epidemiology 1 6 per 100,000 population is seen in young women and middle-aged men and women alike. 2 pathology is presumed to be idiopathic or infectious neurogenic degeneration , Severe emotional stress, trauma, drastic weight reduction, and Chagas' disease (parasitic infection with Trypanosoma cruzi) destruction of the nerves to the LES degeneration of the neuromuscular function of the body

15 clinical presentation
dysphagia regurgitation weight loss heartburn postprandial choking nocturnal coughing

16 diagnosis esophagram motility study hypertensive LES (> 35 mm Hg)
fail to relax a pressure above baseline simultaneous mirrored contractions with no evidence of progressive peristalsis low-amplitude waveforms

17 treatment surgical Esophagomyotomy (Heller myotomy) Esophagectomy
resection nonsurgical medications : sublingual nitroglycerin, nitrates, or calcium channel blockers, Injections of botulinum toxin endoscopic : Dilation with a Gruntzig-type (volume-limited, pressure-control) balloon

18 Diffuse Esophageal Spasm
Hypermotility disorder of the esophagus esophageal contractions are repetitive, simultaneous, and of high amplitude

19 epidemiology female > male 1 pathology 2 Muscular hypertrophy and degeneration of the branches of the vagus nerve in the esophagus

20 Symptoms and Diagnosis
chest pain Dysphagia Regurgitation Esophagram manometric studies : simultaneous, multipeaked contractions of high amplitude (>120 mm Hg) or long duration (>2.5 sec) erratic contractions occur after more than 10% of wet swallows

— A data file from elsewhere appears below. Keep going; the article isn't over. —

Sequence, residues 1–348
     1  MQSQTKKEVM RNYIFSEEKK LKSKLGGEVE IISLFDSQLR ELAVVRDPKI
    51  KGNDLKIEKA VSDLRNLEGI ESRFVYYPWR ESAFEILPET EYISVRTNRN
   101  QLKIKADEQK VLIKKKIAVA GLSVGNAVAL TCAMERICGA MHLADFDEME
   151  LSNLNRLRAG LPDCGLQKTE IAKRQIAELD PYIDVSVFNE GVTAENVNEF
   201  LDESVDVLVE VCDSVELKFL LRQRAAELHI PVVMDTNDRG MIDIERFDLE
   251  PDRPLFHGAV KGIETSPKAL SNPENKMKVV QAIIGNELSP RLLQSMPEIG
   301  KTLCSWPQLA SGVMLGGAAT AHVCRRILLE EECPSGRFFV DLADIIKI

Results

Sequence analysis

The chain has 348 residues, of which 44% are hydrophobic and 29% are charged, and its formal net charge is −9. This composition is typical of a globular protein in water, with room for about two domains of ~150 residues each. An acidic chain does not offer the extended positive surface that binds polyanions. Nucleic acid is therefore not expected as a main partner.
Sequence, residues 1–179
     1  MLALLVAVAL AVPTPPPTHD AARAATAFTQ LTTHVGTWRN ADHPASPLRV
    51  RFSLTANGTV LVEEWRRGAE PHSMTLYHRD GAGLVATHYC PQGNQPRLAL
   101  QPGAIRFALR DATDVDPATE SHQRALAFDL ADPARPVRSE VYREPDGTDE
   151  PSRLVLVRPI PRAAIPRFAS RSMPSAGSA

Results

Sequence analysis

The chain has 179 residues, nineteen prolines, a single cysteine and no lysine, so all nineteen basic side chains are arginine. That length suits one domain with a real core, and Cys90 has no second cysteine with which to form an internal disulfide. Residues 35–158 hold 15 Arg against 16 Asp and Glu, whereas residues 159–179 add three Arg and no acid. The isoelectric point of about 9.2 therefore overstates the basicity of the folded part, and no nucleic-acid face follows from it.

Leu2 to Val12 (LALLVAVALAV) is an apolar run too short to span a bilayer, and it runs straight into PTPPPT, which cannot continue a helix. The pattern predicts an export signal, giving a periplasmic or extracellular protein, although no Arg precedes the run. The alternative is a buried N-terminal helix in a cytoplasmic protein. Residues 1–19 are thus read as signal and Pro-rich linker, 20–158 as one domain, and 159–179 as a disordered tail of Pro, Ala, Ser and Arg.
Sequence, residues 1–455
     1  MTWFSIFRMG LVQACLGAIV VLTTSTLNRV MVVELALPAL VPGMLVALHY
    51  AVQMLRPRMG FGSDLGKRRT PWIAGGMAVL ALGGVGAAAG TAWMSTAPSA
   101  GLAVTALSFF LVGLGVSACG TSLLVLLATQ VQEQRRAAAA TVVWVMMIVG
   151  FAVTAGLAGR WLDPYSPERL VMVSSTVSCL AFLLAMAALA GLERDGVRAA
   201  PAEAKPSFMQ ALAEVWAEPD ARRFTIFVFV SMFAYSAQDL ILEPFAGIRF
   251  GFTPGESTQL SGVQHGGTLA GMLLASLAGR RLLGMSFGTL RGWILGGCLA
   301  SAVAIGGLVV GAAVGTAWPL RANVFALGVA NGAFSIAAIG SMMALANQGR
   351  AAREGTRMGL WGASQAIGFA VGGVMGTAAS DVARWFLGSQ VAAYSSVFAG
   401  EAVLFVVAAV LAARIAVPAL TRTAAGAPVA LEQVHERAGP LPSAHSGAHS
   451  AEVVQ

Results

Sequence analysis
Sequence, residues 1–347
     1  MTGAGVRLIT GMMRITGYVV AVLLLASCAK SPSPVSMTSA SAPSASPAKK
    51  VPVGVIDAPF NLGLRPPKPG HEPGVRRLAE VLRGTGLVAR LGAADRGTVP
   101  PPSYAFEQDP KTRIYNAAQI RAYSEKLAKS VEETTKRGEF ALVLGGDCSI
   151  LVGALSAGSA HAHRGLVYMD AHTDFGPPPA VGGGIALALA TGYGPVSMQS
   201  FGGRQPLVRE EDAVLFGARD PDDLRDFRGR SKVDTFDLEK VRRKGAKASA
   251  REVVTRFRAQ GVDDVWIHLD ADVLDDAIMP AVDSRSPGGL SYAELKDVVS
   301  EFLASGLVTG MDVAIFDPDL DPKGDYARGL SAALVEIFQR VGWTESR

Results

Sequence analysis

21 Treatment Nonsurgical Pharmacologic endoscopic intervention
Surgical : long esophagomyotomy

22 Nutcracker Esophagus - a hypermotility disorder also known as supersqueeze esophagus - hypertensive peristalsis or high-amplitude peristaltic contractions

23 Symptoms and Diagnosis
chest pain dysphagia Odynophagia subjective complaint of chest pain with simultaneous objective evidence of peristaltic esophageal contractions on manometric tracings

24 treatment Medical: Calcium channel blockers, nitrates, and antispasmodics Bougie dilation avoid caffeine, cold, and hot foods

25 Hypertensive LES LES pressure is above normal, and relaxation will be incomplete but may not be consistently abnormal. The motility of the esophageal body may be hyperperistaltic or normal

26 Symptoms and Diagnosis
chest pain dysphagia Manometry: elevated LES pressure (>26 mm Hg) and normal relaxation of the LES Esophagram: narrowing at the GEJ with delayed flow

27 treatment Endoscopic: hydrostatic balloon dilation
surgical intervention: laparoscopic modified Heller esophagomyotomy partial antireflux procedure (e.g., a Dor or Toupet fundoplication) Botox injections Your Logo

28 Nonspecific Esophageal Dysmotility
abnormal motility pattern fits in no other category Several collagen vascular disorders are known to cause abnormalities of esophageal motility scleroderma, dermatomyositis, polymyositis, and lupus erythematosus

29 Symptoms and Diagnosis
chest pain Dysphagia tend to experience more reflux symptoms and regurgitation barium esophagram manometric studies: incomplete relaxation (residual >5 mm Hg) Contractions of the esophageal body patterns: non-transmitted, triple-peaked, retrograde, low-amplitude (<35 mm Hg) or prolonged duration (>6 sec).

30 Summery